If you don’t have a good CFO who can pull these numbers together for you and the board, you’re in trouble.

5)   They know a lot of people – tap into that

Your board should know a TON of people that it can be really beneficial for you to get to know. TA set up dozens of meetings for me almost immediately – with CEOs, CFOs, Venture Capitalists, all people who could help me in one way or another – many times to attract new business – other times to discuss business strategy. All 3 of our independent board members came out of these meetings.

6)   Set expectations and agenda items at the start of each year.

It can be tricky to stay on task at board meetings. There is a tendency to go off the rails or fixate on one thing. For example, competition is an easy rabbit hole to go down.

At the beginning of the year, pick 5-to-10 initiatives—the fewer, the better—that you truly believe will move the needle at the company in the coming year. Create KPIs and metrics around those initiatives so both you and the board can measure progress and analyze results at each meeting.

Sub point here: This makes it possible to not fixate exclusively on reporting what happened last quarter. Instead, get your “Qx Update,” move on to strategic discussion, and focus on the future—not just the past.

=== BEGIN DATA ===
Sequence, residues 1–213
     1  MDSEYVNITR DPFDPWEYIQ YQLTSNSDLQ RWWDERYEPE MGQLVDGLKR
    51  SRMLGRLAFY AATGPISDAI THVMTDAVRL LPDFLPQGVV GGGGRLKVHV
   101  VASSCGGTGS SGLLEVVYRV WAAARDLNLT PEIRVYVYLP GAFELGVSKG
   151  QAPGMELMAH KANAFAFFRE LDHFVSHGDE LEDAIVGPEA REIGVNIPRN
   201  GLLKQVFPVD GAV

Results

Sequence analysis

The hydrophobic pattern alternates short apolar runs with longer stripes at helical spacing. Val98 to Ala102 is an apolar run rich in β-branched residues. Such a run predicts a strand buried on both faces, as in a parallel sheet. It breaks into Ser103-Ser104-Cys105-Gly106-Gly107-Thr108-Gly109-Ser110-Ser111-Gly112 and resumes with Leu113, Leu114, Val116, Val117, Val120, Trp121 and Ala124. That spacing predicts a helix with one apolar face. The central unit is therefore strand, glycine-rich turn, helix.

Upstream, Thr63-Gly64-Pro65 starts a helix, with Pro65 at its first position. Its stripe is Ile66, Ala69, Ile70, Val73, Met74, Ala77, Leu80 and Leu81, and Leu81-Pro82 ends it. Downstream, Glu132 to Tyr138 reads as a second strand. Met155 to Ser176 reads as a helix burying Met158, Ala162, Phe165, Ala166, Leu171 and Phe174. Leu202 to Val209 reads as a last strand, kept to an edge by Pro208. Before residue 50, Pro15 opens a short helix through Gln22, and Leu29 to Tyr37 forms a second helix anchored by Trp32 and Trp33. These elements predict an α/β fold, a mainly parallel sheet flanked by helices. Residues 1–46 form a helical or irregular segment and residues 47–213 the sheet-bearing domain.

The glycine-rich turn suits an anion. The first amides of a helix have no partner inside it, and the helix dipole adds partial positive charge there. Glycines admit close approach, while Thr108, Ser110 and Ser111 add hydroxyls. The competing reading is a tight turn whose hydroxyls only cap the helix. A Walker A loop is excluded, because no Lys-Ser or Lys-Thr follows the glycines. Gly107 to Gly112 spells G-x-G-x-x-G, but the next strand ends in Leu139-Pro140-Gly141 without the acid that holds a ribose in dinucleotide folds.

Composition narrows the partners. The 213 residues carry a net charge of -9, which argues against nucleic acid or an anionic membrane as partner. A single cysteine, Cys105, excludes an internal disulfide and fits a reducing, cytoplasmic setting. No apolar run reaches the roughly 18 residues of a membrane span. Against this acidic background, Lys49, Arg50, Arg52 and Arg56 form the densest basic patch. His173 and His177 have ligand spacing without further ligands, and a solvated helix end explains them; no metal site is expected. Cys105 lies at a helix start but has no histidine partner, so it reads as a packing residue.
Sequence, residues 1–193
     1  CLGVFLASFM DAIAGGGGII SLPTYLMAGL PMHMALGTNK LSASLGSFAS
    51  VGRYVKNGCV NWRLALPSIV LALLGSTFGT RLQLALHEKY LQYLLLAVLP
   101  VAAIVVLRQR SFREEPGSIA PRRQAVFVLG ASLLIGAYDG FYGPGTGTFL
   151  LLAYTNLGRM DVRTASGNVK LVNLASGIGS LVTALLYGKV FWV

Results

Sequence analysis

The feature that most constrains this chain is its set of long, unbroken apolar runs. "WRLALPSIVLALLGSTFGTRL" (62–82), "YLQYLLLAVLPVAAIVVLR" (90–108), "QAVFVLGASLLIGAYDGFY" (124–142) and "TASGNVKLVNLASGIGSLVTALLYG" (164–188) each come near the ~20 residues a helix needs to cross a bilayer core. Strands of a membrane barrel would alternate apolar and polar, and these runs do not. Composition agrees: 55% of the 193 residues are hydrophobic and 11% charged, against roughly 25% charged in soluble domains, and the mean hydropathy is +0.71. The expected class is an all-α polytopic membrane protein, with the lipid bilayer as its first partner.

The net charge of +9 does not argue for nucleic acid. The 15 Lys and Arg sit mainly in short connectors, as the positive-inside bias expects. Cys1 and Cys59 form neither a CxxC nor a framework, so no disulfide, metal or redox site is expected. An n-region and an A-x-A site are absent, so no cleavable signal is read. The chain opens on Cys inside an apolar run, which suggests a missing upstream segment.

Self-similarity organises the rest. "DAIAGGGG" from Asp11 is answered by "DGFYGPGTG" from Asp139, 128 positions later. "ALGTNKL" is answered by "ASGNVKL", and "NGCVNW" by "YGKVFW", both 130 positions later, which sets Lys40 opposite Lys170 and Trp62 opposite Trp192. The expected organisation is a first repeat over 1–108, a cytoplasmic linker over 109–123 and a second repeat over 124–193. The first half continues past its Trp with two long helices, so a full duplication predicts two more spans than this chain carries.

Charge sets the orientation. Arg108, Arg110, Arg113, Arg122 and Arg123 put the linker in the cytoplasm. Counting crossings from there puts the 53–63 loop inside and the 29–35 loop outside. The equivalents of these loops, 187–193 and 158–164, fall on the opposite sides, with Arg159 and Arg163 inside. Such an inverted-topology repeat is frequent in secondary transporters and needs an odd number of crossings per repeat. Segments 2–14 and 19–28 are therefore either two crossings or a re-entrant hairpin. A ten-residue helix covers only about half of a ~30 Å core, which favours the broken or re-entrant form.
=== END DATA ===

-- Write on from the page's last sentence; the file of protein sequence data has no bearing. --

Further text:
When you have a Board of Directors, you have the chance to learn and grow in ways you may not have envisioned on your own. Not only have our Board Members contributed professionally, but also personally. Today, I am grateful for their input and leadership as we guide the growth of DiscoverOrg.

[cta id=”10428″ color=”green” size=”full” align=”center”]



How much is bad lead data costing you? What’s it worth to fix it?



Let us know when you’re ready to start winning.


Henry Schuck
About the author

Henry Schuck

Henry Schuck is the CEO of DiscoverOrg, an 8-time Fortune 5000 company, which he co-founded at the age of 23. He has extensive experience managing the sales and marketing activities of fast-growing information technology data companies.